Culture: Primary isolation media such as Sabouraud's dextrose agar are used. As most zygomycetes are sensitive to cycloheximide, this agent should not be used in culture media. Zygomycetes are usually fast-growing fungi with white-to-grey or brownish, downy colonies characterized by primitive coenocytic (mostly aseptate) hyphae seen on culture. Asexual spores include chlamydoconidia, conidia, and sporangiospores contained in sporangia borne on simple or branched sporangiophores. Sexual reproduction is isogamous producing a thick-walled, sexual, resting spore called a zygospore.

Histology: Diagnosis is made by histological examination of the infected tissue and demonstration of characteristic, broad, aseptate hyphae branching irregularly at right angles. These features can distinguish them from the slender hyphae of Aspergillus, which have regular dichotomous branching and frequent septae. [5] The characteristic feature of Mucor infection is vascular invasion with thrombosis involving large and small arteries, which results in infarction and necrosis of the infected organ. [5] Renal histological examination in patients who have renal involvement typically shows evidence of vasculitis with infarction and necrosis of the kidneys as well as parenchymal infiltration with neutrophils. [1],[2],[5]


Early tissue diagnosis and prolonged treatment with antifungal agents such as amphotericin B are required for the eradication of these tissue-invasive infections. [1],[2],[3],[4],[5] Newer generation agents such as lipid-based amphotericin B preparations have allowed higher doses of the drug to be delivered within short periods, leading to enhanced efficacy and reduced toxicity. The dose recommended for treatment of mucormycosis is amphotericin B (0.5-1 mg/kg/day) or lipid-based (lipid complex, colloidal dispersion, and liposomal) amphotericin B (1-5 mg/kg/day); the recommended cumulative dose is 2-2.5 g over 6-8 weeks. [1],[2],[5]

  Conclusion Top

Zygomycosis is a type of invasive fungal infection that has a rapid downhill course and grave prognosis, and hence, needs early diagnosis and aggressive management. This is the first reported case of zygomycosis caused by Rhizopus species in renal allograft recipients. Disseminated type is rare, but this form has a very high mortality inspite of aggressive chemotherapy and surgical management. A high degree of suspicion would lead to an early diagnosis and prompt initiation of treatment. The risk of fatal opportunistic infections such as zygomycosis is the price to pay when attempts are being made to save the graft with aggressive immunosupression.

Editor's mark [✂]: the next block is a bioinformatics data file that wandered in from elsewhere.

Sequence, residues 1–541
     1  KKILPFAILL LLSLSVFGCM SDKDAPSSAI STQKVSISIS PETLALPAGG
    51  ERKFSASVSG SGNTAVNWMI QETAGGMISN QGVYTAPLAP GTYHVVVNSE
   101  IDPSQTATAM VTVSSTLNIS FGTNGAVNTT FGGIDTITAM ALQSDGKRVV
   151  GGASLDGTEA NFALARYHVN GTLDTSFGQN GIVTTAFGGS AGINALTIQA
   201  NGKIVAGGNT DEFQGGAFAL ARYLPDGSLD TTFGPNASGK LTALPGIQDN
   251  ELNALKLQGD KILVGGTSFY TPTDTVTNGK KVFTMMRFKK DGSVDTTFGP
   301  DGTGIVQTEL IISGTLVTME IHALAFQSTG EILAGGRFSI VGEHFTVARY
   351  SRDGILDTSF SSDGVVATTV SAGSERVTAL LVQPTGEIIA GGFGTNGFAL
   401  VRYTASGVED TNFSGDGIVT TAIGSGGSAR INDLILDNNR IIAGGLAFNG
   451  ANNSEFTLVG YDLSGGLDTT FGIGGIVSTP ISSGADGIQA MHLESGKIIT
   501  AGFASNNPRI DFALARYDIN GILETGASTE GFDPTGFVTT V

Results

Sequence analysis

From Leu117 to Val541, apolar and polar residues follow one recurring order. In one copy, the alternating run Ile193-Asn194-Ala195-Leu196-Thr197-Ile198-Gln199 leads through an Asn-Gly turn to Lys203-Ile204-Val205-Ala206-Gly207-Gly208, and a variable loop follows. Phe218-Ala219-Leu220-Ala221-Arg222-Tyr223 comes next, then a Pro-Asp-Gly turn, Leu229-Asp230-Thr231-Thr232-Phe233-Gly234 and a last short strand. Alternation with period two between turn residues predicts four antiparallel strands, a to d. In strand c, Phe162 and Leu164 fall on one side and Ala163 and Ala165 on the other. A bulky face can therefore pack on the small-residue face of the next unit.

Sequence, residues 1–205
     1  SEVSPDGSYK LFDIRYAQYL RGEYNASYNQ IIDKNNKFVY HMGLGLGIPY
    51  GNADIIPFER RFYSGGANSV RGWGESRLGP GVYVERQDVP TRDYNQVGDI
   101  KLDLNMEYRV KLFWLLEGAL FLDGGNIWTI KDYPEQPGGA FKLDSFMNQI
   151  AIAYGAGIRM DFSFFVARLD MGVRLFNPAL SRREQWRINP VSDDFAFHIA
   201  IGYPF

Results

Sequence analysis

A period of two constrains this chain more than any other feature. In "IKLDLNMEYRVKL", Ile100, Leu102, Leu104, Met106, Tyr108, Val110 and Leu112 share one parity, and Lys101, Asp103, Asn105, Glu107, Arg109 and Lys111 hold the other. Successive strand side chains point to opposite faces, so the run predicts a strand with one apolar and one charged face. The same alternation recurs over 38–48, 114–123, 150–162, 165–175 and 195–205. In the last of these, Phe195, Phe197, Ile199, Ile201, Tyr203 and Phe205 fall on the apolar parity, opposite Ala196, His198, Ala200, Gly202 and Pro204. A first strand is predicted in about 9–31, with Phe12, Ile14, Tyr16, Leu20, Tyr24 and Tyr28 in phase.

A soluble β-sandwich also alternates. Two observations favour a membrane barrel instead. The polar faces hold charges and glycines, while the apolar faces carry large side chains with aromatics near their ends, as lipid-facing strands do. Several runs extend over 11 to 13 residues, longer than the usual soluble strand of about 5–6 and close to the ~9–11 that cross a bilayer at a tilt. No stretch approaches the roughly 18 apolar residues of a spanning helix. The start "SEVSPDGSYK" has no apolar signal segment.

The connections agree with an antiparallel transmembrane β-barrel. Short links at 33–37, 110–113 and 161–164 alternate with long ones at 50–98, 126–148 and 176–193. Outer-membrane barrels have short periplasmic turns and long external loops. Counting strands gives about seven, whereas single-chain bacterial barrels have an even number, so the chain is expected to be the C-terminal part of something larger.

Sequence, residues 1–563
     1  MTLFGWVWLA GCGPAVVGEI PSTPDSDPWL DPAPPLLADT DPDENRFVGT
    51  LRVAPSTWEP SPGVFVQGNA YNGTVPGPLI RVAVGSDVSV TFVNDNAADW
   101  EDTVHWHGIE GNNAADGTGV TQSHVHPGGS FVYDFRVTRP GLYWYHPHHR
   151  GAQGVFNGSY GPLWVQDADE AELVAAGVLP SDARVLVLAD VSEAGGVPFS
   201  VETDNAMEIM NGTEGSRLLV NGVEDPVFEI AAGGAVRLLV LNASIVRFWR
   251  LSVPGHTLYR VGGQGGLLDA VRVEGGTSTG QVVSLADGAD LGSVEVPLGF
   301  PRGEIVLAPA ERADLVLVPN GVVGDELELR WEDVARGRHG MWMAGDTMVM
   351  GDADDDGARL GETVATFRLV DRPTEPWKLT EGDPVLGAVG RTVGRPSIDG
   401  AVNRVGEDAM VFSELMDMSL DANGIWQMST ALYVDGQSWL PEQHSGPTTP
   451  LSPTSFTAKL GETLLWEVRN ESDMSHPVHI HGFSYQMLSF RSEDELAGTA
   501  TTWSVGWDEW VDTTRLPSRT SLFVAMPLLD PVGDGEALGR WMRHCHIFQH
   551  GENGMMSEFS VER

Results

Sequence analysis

References Top

1.Gandhi BV, Bahadur MM, Dodeja H, Aggrwal V, Thamba A, Mali M. Systemic fungal infections in renal diseases. J Postgrad Med 2005;51:30-36.   Back to cited text no. 1  [PUBMED]  Medknow Journal
2.Chugh KS, Sakhuja V, Jain S, Talwar P, Minz M, Joshi K, et al. High mortality in systemic fungal infection following renal transplantation in 3rd world countries. Nephrol Dial Transplant 1993;8:168.  Back to cited text no. 2  [PUBMED]  [FULLTEXT]
3.John GT. Infections after renal transplantation in India. Transplant Rev 1999;13:183-91.  Back to cited text no. 3    
4.Sajiv CT, Pawar B, Calton N, Mammen K, Bansal V, Ishwaraiah H, et al. Mucormycosis in the renal allograft: A case report. Indian J Nephrol 2003;13:38-9.  Back to cited text no. 4    Medknow Journal
5.Gupta KL. Fungal infections and the kidney. Indian J Nephrol 2001;11:147-54.  Back to cited text no. 5    Medknow Journal
6.Bilal AJ, Becker N, Becker K. Impact of ART on infections and malignancies in renal transplant recipients. Transplantation 1999;68:1597-603.  Back to cited text no. 6    
7.Segal A, Rahavendran M, Kumar D, Srivastava A, Dubey D, Kumar A. Rhinocerebral mucormycosis causing basilar artery aneurysm with concomitant fungal colonic perforation in a renal allograft recipient: A case report. Transplantation 2004;78:949-50.   Back to cited text no. 7    
8.Apaydin S, Ataman R, Cansiz H, Serdengecti K, Ozturk R, Dervisoglu S, et al. Rhinocerebral mucormycosis in a kidney transplant recipient. Nephron 1998;79:117-8.  Back to cited text no. 8    
9.Bakr A, Wafa E, Fouda A, ElAgroudy A, Gheith O, Sobh M, et al. Successful treatment of mucormycosis in a renal allograft recipient. Clin Exp Nephrol 2008;12:207-10.  Back to cited text no. 9  [PUBMED]  [FULLTEXT]
10.Kaplan AH, Poza-Juncal E, Shapiro R, Stapleton JT. Cure of mucormycosis in a renal transplant patient receiving ciclosporin with maintenance immunosupression. Am J Nephrol 1988;8:139-42.   Back to cited text no. 10  [PUBMED]  


  [Figure 1], [Figure 2], [Figure 3]